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The Indians of British Columbia
By Dr. Franz Boas

During the last seven years my studies of the North American Indians have led me frequently to the coast of British Columbia, into the recesses of its deep fjords and to the storm-beaten shores of its islands. In the following remarks I will describe some of the results of my studies and .some experiences, but I will dwell particularly upon the interesting customs which it was my good fortune to observe in a cruise along the coast last winter.

Many are the tourists who nowadays in commodious steamers pass up and down the rugged coast of British Columbia on their tour to Alaska and many a time have the beautiful fjords, the snow-covered mountains the foot of which is clad in evergreen forests been described in vivid colors. But a different impression is left on the mind of him who in a small canoe passes through the intricate channels of the coast, tossed by tempestuous squalls which blow down the sides of the mountains and struggling against the rapid tides which in places rush like torrents through narrow openings. The overwhelming solitude and stillness of the shores, the monotony of the dark pines and cedars, of the channels and of the roaring cascades beget a longing for the sight of human work, of human habitation, that swallows the admiration of the magnificent scenery. Gladly welcomes the traveller the smoke which is seen to arise in the far distance, at a place where the steep coast line is interrupted by a small flat and which indicates the presence of an Indian village. While thus travelling from place to place with my Indian friends I had ample opportunity to become familiar with their life, their customs and their ideas.

Before describing the life of the Indians I may be permitted briefly to summarize what we know about their general appearance and their relationships to each other and to the rest of the American race. The casual visitor is first of all struck by the remarkable similarity of the natives of the North Pacific Coast with the races of Eastern Asia. Even after a long acquaintance with the people single individuals are found whom one might almost mistake for Asiatics. It happened to me even last winter that I met a broadfaced, light-complexioned person, with brownish, almost black hair, attired in a sailor’s suit, whom I was unable to classify for quite a while. Finally he happened to look sideways, which brought into prominence a very strongly Mongoloid eye—the peculiar eye, that we always see in Chinamen—and this settled in my mind that he must belong to Asia. In fact he proved to be a Japanese. This formation of the eye which is more strongly marked in the Mongol is sometimes the only means of detecting the difference between individuals belonging to the two races. Taken as a whole, however, the face of the Indian is much heavier built, his hair is not as coarse as that of Chinamen or Japanese. Young persons have the Chinese eye often just as strongly developed as the Chinese themselves. We may say that the people, particularly those of the northern parts of the territory, occupy a position intermediate between the Indians of the plains and the East Asiatic races.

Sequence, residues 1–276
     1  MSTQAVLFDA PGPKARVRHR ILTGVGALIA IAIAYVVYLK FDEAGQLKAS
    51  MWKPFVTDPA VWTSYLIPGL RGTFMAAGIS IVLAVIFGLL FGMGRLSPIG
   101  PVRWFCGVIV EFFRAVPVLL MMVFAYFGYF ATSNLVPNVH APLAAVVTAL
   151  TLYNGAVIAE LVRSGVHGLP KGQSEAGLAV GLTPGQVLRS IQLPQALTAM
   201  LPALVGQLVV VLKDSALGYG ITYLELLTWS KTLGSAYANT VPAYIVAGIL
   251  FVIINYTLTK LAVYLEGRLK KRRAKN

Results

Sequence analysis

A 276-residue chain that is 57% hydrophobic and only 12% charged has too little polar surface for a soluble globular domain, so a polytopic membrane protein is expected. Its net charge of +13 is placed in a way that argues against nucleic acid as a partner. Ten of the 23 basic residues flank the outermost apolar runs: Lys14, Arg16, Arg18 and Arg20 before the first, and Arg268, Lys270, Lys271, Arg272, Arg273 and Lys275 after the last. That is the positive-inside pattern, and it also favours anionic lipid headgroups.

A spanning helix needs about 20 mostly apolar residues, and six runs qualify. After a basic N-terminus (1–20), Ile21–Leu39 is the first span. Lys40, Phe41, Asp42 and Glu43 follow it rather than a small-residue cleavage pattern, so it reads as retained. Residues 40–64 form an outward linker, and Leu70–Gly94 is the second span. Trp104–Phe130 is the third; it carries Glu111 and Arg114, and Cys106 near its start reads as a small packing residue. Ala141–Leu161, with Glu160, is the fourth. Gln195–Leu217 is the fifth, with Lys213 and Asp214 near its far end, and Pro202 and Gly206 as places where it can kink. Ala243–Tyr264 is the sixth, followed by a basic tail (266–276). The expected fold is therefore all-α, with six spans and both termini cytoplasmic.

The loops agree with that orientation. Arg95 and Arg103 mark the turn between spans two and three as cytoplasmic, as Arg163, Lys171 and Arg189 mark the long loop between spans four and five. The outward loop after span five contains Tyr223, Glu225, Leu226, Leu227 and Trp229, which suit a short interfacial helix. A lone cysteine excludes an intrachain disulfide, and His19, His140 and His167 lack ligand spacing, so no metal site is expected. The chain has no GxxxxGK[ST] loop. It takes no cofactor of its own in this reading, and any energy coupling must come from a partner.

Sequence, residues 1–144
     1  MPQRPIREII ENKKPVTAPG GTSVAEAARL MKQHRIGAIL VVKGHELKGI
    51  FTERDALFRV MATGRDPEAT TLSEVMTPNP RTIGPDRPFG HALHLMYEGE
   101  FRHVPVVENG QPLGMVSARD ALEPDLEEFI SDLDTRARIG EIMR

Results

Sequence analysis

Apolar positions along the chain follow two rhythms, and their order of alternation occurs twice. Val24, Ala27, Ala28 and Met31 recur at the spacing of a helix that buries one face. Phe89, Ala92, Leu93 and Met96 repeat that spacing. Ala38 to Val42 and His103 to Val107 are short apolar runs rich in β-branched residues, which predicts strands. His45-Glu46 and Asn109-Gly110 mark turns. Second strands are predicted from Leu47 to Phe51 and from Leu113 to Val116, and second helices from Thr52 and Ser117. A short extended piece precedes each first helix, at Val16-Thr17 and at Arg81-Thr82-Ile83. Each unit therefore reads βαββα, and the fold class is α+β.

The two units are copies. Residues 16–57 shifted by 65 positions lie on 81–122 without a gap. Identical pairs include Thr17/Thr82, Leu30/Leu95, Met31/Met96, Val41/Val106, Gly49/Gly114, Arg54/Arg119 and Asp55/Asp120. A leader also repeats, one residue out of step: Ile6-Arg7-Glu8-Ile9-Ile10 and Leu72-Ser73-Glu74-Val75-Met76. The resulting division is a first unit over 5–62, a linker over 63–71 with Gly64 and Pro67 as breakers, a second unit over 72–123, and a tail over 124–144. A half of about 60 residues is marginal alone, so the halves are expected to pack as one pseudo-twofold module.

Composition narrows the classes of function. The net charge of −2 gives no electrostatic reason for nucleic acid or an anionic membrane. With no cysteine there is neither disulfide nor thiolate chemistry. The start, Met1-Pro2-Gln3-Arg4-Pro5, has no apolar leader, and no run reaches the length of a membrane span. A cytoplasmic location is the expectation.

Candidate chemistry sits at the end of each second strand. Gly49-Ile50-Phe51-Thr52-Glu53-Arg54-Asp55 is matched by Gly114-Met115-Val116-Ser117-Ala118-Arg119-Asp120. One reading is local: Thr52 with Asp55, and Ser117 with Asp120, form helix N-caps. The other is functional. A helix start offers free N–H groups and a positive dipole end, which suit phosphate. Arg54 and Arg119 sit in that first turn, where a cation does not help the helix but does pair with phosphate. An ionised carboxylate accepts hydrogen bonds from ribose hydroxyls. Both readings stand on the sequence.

But the tribes of this coast are by no means homogeneous. A few of them take quite an exceptional position. In most cases the noses and faces of these Indians are wide, but low. Among the southern tribes there are some, whose faces are, to the contrary, wide and very high, the noses being at the same time narrow and almost Roman in form. It is remarkable that as soon as we cross the mountains of southern British Columbia the characteristic Indian face becomes very prominent.

I must not omit to mention one peculiarity. We are accustomed to consider the Indians as possessed of black, straight hair, and as of a reddish complexion. The hair of the Indians of the North Pacific Coast is very frequently slightly wavy and brownish, his complexion is very light. There are even a few tribes among whom red hair and almost white complexions occur.

The most striking peculiarity exhibited by these tribes is the effect of the custom of artificially deforming their heads by closely bandaging and pressing the head of the infant as long as it is in the cradle. By this means growth of the head sideways is stopped and it grows backward and upward. The forehead becomes at the same time flat and receding.

It is very curious that in the region of which we are speaking a great many different methods of deforming the head are in use. Further to the south, instead of lengthening the head, the Indians flatten it. They bring a strong pressure to bear upon the forehead.

The custom of deforming the head is very widely spread, and was still more so in olden times. In America it is still practiced on the coast of British Columbia and as far south as Oregon. The tribes of Kansas flatten their heads. Formerly all the people of Colorado, of the lower Mississippi, of the West Indies, and the Peruvians deformed the heads of their children.

Outside of America the custom is found in several islands of the Pacific Ocean and, what seems hardly credible, in southern France. The last-named occurrence seems to be the only survival of a custom which in antiquity was practiced from the Caucasus through Hungary to southern France. It has often been asked what the meaning of this practice may have been. We must undoubtedly consider it simply as a fashion which grew up as other fashions do and as having no more nor less meaning than the deformation of the feet by the Chinese, of the teeth by the Africans, or of the waist by our own ladies.